Antique Native American Indian

Mid-18th century spontoon blade pipe tomahawk from the Eastern Woodlands Indians

Mid-18th century spontoon blade pipe tomahawk from the Eastern Woodlands Indians
Mid-18th century spontoon blade pipe tomahawk from the Eastern Woodlands Indians
Mid-18th century spontoon blade pipe tomahawk from the Eastern Woodlands Indians
Mid-18th century spontoon blade pipe tomahawk from the Eastern Woodlands Indians
Mid-18th century spontoon blade pipe tomahawk from the Eastern Woodlands Indians
Mid-18th century spontoon blade pipe tomahawk from the Eastern Woodlands Indians
Mid-18th century spontoon blade pipe tomahawk from the Eastern Woodlands Indians
Mid-18th century spontoon blade pipe tomahawk from the Eastern Woodlands Indians
Mid-18th century spontoon blade pipe tomahawk from the Eastern Woodlands Indians

Mid-18th century spontoon blade pipe tomahawk from the Eastern Woodlands Indians
Original Iroquois Indian pipe tomahawk. The Eastern Woodland Culture consisted of Indian tribes inhabiting the eastern United States and Canada. The Eastern Woodlands were moderate-climate regions roughly from the Atlantic to the Mississippi River and included the Great Lakes.

The Adena and Hopewell were the earliest historic Eastern Woodland inhabitants. 800, they lived in the Ohio and Mississippi river valleys. Later peoples of the Eastern Woodlands included the Illinois, Iroquois, Shawnee and a number of Algonkian-speaking peoples such as the Narragansett and Pequot. Southeastern peoples included the Cherokee, Chocktaw, Chickasaw, Creek, Natchez and Seminole. The danger of a tomahawk ­ clean, elegant form with its terrible razor-sharp edge ­ allures collectors to these weapons.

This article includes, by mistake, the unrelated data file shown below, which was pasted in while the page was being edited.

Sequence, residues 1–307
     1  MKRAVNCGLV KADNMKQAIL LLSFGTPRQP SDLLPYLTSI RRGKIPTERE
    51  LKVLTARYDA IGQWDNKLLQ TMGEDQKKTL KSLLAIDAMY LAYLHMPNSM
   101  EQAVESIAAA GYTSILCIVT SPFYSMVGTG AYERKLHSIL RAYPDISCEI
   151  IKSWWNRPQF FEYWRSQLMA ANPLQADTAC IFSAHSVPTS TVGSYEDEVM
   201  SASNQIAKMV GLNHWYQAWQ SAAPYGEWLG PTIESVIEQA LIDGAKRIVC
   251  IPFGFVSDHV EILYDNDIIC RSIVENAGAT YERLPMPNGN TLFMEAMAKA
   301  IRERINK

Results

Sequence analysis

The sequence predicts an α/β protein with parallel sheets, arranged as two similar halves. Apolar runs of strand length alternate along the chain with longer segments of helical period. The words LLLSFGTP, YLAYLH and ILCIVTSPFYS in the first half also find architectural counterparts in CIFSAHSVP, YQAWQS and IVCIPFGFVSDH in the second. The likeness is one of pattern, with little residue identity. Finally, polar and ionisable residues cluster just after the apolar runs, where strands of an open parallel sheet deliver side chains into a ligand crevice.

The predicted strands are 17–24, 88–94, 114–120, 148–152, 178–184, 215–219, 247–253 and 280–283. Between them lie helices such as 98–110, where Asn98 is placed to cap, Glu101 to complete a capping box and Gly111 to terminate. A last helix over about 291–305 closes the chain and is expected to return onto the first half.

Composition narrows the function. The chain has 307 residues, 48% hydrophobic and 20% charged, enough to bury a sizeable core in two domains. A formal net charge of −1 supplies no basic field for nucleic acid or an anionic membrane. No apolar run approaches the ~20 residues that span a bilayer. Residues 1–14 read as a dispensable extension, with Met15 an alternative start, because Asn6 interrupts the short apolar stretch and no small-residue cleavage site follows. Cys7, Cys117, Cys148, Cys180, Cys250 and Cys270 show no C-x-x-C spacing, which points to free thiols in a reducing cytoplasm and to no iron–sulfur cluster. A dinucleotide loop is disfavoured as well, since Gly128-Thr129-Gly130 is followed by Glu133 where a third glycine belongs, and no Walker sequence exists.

The word tomahawk is derived from tamahak, an Algonquin word referring to any cutting utensil. When Jamestown, the first European colony, was founded in 1607, Captain John Smith referenced the tomahawk to mean native hatchets or war club ­ the term we all understand today.

Although tomahawks are known as weapons, they were also used as tools and carried for prestige. Original forged spontoon head with a beautiful inlaid brass heart and spots above. Large round quillons flank the blade. These style heads are extremely rare!

Diamond shaped style eye in the head. The bowl is applied to the head, 2 piece construction. Old ash haft is magnificent. Hot file brandings and old square shanked brass tacks. Haft is solid and strong.

Haft to head fit is good, there a very very small amount of movement in the head, very small. Most likely caused by the wood drying over the years and shrinking slightly. Pipe tomahawks were symbols of power and authority. Beautiful piece, a work of art. The surface of the metal shows a nice patina. 24" long haft, 10" long head. Originates from a Billings Montana estate. Please ask any and all questions before you make an offer.

The item "Mid-18th century spontoon blade pipe tomahawk from the Eastern Woodlands Indians" is in sale since Sunday, October 28, 2018. This item is in the category "Antiques\Ethnographic\Native American".

The seller is "fortancient" and is located in Billings, Montana. This item can be shipped worldwide.

  • Color: Brown
  • Maker: Iroquois Indian
  • Material: Iron
  • Original/Reproduction: Original


Mid-18th century spontoon blade pipe tomahawk from the Eastern Woodlands Indians